• The University of Huddersfield Press introduces: Brahms Op. 108 and 120 & Pennine Records!

    Posted by Huddersfield Press on 2020-11-30


We have exciting news! We are publishing our very first CD as part of the University of Huddersfield’s new record label: Pennine records. 

This new record label is the product of a collaboration between the University of Huddersfield Press and the School of Music, Humanities and Media.  The purpose of the label, driven by a vision by Huddersfield lecturer and scholar-performer, Dr David Milsom, is to espouse a range of research-derived responses to historical music, and if this sounds like a wide remit, it is indeed so. The launch disc of violin and viola sonatas by Johannes Brahms experiments with the incorporation of historical performance scholarship into what might be described as ‘modern instrument’ performance, seeking to demonstrate how academic research into performance styles can affect far more than just specialised ‘period instrument’ renditions. Future discs in the series are going to include divergent and experimental recordings: digital versions of brand new recordings made by pre-electric recording processes in order to demonstrate and discuss the limitations and possibilities of such forms of recording (in which Dr Milsom is joined by Dr Inja Stanovic, currently a Leverhulme Post-Doctoral Research Fellow based at Huddersfield), as well plans for  a disc of seventeenth-century chamber sonatas by Huddersfield-based baroque chamber group, Four’s Company. The label will act as a ‘shop window’ on the depth and breadth of historical music specialisms by University of Huddersfield performers and researchers.

This CD comprises Brahms’ op 120 viola sonatas, and the op. 108 violin sonata, performed on modern instruments, but acting as a creative interface between the relatively new research and performance field of ‘romantic’ string performing practices, and the use of modern instruments: a creative fusion, so to speak, between current ‘conservatoire normative’ practices, and avowedly ‘historically-informed’ ones. Dr Milsom is joined by his long-time chamber music partner, Jonathan Gooing, who is currently undertaking a PhD in historical chamber music performing practices at the University of Huddersfield. Whilst the works are very well-known, the manner of performance seeks to relax and modify a number of ‘modernist’ performance style elements, and is receptive to a range of nineteenth-century practices (such as some rhythmic freedom, piano arpeggiation, and string portamento) usually confined to much more specialist audiences and environments of scholarly research.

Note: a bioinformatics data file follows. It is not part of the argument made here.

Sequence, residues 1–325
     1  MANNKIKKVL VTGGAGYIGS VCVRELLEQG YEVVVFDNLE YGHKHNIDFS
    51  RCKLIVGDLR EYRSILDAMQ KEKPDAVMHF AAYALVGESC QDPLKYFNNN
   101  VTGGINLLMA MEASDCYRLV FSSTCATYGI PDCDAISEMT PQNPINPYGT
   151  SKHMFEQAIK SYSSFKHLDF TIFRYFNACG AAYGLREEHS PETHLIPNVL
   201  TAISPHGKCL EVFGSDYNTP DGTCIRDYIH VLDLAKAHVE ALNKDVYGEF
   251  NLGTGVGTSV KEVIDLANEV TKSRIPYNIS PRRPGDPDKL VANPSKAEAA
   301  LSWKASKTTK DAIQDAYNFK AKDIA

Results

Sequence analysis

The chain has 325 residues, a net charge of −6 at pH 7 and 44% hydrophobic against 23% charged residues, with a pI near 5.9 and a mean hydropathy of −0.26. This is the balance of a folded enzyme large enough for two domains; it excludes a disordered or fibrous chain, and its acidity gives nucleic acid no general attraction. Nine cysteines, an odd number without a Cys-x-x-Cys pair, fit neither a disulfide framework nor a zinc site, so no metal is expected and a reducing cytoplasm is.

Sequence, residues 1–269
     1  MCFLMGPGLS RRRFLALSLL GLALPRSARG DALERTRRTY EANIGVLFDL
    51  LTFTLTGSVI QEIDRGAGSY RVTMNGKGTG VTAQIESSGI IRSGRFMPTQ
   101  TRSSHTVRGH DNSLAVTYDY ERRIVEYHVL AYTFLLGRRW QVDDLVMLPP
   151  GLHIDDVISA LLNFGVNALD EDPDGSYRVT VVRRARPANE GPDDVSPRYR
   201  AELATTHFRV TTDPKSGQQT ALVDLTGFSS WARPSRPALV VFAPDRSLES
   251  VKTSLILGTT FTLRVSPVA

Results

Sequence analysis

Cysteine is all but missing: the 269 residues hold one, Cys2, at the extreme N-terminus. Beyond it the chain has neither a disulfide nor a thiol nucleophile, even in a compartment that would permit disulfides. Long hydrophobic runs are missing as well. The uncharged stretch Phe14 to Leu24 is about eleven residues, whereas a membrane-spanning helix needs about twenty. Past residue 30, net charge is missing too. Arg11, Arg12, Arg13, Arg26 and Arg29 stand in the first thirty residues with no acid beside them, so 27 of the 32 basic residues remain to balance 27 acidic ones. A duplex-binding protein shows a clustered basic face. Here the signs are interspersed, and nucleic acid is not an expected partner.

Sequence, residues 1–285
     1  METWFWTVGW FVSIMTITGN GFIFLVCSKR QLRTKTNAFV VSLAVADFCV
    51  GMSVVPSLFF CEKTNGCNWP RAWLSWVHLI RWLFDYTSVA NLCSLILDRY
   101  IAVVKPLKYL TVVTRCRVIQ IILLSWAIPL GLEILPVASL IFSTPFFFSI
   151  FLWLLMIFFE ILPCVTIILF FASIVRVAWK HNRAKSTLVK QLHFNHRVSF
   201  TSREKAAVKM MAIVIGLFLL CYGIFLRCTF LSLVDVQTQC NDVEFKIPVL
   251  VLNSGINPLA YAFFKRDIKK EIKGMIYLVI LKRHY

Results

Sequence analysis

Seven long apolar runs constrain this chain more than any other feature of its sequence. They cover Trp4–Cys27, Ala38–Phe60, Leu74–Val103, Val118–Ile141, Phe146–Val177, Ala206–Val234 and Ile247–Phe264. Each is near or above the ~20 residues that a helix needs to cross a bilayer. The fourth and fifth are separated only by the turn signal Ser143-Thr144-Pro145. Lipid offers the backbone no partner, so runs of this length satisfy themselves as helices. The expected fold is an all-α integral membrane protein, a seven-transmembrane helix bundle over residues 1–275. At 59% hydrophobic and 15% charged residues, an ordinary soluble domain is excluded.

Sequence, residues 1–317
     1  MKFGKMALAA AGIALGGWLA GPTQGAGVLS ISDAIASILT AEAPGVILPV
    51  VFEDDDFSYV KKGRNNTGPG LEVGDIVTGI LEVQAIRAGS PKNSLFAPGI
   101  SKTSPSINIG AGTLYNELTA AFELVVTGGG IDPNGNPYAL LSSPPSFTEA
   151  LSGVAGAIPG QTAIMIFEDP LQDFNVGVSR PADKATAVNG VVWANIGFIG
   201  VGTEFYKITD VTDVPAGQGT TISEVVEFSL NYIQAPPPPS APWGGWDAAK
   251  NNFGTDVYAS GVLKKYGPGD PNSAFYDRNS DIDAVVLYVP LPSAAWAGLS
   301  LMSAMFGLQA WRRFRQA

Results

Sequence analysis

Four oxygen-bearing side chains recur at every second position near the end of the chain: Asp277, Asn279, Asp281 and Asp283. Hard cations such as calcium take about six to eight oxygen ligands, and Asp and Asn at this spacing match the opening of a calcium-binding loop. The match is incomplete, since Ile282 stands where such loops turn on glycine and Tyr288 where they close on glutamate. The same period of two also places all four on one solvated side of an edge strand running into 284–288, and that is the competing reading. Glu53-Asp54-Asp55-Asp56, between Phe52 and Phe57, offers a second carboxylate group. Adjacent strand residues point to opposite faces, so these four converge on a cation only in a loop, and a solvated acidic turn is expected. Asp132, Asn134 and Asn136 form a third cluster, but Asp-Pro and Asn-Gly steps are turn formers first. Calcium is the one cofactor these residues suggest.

We asked David for some comments on this work and performance:

In today’s specialised performance world, it has been customary to separate performances of historical music into two basic categories: ‘historically-informed’ performance (period instruments, techniques and styles), and ‘mainstream’ performance (‘modern’ instruments, and currently normative ways of playing). But it isn’t as simple as that; I have spent a long time working in terms of ‘historical performance’ playing and writing, but also have another life playing modern instruments as well. So, what happens when you bring these ideas together? What happens when awareness of historical performance style intersects with modern instruments? Can all of these elements be fused and assimilated? This CD seeks to try this out, consciously ‘informing’ modern instrument performance, and hoping to offer a model to performers who aim to be historically sensitive, but who prefer to retain their regular modern instruments. We saw this recording as a thought experiment, but aimed otherwise, simply to perform this music with sensitivity and affection. 

And on the matter of performance styles, he commented:

Most people who listen to so-called ‘classical music’ are aware that, in recent years, a number of performers have been interested in historical styles of playing and ‘period instruments’. This move to ‘authenticity’ has its adherents, and its detractors, but what might happen if a period instrument scholar-performer seeks to show how crucial aspects of performance style from the past can infuse and influence modern instrument performance? This CD aims to illustrate and exemplify this and hopes to offer colourful and personal readings of these three seminal sonatas by Johannes Brahms. 


As this is an Open Access ‘publication’, you can listen to these wonderful performances on our website. And make sure to keep an eye on our page and social media for more news as we have more projects brewing for 2021-22!



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